In fact, it’s almost invisible. You can only see the outline of the golpeador and from some angles it is not even visible at all. The one I took is in two parts and covers almost entirely the rosette (except a small part of the top).
I bought it on Amazon and unfortunately the reference is no longer available. But on this page, you will find a similar golpeador, transparent and electrostatic!
How to install a golpeador?
For the installation of the golpeador, I advise you to be very meticulous. When I put it down, I was eager to try my new guitar and so I didn’t do it 100% correctly because I didn’t get rid of the air bubbles enough.
The result is that I have some small air bubbles on the golpeador which is not very aesthetic. Luckily they can only be seen from certain angles.
Prior to installation:
When you will get a golpeador, it will be either in one piece or in two pieces. Mine was in two pieces pre-cut to the right dimensions with a rounding for the rosette.
If your golpeador is in one piece, it will be square or rectangular. You can simply round it up with a bowl or cup the size of your rosette. Then you carefully cut out this rounding.
Before installation, it is preferable to have a clean and dust-free table. Dust will tend to create air bubbles. To clean your table, you can use a chamois leather or a microfiber cloth. Removing your strings will also be much more convenient.
Install the golpeador:
Peel off the bottom of the thin protective sheet of the golpeador to reveal the “sticky surface.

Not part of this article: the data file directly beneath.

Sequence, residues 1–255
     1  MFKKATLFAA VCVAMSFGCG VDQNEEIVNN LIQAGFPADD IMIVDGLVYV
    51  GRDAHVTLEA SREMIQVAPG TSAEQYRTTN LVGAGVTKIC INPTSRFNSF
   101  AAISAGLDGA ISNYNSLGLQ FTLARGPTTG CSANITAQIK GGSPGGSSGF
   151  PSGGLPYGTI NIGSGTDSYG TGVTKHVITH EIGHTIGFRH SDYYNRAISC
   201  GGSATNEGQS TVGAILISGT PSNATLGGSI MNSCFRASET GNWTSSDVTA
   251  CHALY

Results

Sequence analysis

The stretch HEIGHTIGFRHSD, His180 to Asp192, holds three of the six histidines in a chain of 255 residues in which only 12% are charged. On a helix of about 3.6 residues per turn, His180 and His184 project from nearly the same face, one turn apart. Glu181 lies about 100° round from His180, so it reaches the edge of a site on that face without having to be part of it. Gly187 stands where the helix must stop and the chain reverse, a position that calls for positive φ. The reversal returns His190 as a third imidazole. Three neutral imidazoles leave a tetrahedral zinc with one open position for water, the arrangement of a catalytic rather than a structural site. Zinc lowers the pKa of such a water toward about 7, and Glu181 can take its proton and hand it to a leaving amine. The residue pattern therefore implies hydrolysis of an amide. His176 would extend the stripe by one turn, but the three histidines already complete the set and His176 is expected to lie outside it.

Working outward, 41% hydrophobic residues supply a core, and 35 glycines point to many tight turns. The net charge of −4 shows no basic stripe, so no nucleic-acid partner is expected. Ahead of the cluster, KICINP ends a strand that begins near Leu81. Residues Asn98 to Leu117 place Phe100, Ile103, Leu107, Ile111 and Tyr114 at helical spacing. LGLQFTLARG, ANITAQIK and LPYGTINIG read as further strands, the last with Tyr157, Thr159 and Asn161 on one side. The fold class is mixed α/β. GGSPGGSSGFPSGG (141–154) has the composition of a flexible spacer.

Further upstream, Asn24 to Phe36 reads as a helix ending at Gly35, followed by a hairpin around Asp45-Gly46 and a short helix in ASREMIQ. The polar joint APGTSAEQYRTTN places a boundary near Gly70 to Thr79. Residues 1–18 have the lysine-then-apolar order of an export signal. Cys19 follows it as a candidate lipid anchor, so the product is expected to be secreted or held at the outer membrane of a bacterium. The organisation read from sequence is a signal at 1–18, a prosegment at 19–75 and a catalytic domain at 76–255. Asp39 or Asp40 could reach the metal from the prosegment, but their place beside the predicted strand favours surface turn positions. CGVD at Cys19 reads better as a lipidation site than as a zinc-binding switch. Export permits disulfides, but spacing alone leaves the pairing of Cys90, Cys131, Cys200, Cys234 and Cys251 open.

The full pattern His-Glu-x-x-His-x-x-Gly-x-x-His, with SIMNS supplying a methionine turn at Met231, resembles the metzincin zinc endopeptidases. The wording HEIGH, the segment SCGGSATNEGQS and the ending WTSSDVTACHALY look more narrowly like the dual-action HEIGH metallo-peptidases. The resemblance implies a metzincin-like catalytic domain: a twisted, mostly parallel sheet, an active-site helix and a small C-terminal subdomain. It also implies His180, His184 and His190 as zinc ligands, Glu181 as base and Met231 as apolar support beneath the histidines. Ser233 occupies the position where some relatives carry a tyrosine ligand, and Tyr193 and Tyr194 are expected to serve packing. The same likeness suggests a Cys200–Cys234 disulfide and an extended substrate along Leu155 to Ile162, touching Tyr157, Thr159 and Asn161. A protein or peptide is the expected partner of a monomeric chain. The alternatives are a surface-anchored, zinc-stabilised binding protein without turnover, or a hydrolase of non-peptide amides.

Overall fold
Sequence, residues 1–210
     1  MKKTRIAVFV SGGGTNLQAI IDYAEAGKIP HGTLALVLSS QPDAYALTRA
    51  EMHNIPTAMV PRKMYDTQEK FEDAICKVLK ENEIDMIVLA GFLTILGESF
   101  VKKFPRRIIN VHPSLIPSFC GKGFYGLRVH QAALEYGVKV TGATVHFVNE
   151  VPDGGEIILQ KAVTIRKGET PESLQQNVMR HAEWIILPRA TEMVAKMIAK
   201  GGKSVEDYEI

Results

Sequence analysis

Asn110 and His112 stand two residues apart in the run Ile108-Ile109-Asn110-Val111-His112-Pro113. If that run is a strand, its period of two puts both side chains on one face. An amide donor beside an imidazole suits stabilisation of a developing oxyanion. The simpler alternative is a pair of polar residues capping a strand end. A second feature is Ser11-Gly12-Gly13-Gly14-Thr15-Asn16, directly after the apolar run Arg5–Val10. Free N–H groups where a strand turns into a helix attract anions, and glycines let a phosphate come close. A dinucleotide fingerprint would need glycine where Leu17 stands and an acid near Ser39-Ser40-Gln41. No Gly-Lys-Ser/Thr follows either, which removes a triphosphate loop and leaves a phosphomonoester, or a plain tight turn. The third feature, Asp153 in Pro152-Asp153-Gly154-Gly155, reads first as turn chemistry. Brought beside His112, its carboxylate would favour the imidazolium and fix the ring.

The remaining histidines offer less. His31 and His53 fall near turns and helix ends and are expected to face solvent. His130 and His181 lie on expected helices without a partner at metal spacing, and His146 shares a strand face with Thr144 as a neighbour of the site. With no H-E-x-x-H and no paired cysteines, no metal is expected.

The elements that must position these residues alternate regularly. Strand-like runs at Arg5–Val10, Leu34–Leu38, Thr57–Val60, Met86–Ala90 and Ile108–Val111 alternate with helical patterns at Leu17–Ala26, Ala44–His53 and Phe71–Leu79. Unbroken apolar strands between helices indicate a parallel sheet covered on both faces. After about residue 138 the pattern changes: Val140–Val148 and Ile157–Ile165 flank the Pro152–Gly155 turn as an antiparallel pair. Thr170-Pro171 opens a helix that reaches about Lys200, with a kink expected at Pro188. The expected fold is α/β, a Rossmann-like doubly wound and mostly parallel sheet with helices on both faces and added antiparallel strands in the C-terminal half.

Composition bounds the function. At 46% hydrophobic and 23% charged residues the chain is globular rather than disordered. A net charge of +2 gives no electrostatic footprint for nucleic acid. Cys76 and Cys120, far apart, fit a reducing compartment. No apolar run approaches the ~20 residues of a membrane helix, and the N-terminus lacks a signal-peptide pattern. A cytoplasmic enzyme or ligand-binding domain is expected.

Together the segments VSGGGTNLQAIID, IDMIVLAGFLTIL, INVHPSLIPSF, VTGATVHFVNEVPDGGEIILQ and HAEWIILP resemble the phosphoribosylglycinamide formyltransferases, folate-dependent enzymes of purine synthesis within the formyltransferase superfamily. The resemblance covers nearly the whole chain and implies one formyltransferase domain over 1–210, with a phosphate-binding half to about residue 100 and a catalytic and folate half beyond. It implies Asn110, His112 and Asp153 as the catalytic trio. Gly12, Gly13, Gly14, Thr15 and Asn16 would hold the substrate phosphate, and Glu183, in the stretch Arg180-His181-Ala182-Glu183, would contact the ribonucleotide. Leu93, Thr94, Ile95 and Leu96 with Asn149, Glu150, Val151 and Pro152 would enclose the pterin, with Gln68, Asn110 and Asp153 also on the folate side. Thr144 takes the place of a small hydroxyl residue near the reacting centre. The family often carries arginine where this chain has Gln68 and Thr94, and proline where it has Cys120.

Start at the bottom, near the easel, even if you have to bend the golpeador, and press with ä cloth so that it sticks.
Then, loosen some ballast by peeling off little by little the rest of the thin protective sheet, and go up very slowly (important not to create air bubbles) upwards and always press it with the cloth.
When you have adhered the entire surface, press with the cloth on all areas of the golpeador to apply it well. If you have done this correctly, there will be no air bubbles. There may be some very small ones that will come off with time.
As they say, a picture is better than a long speech. On this video you will see all the steps I have described (starting at 4:35).
PS: For those who have a one-piece golpeador, go a little bit before, he shows how to cut it to the size of the rosette.
How to make an “emergency” golpeador?
It is also possible to make yourself an “emergency” golpeador with a vinyl plate. That said, the vinyl is not up to the level of a real golpeador in terms of protection.
Here’s a great video from a Francky from the south of France showing the whole process of transforming a vulgar vinyl plate into a super golpeador to protect your flamenco guitar!
If you play flamenco guitar or are just starting out, I highly recommend you to install a golpeador.
As an example here is my first guitar and you can see that the polish did not survive to my golpe :
I like not to distort the aesthetics of a guitar and a transparent golpeador is perfect, protects well, and is barely visible!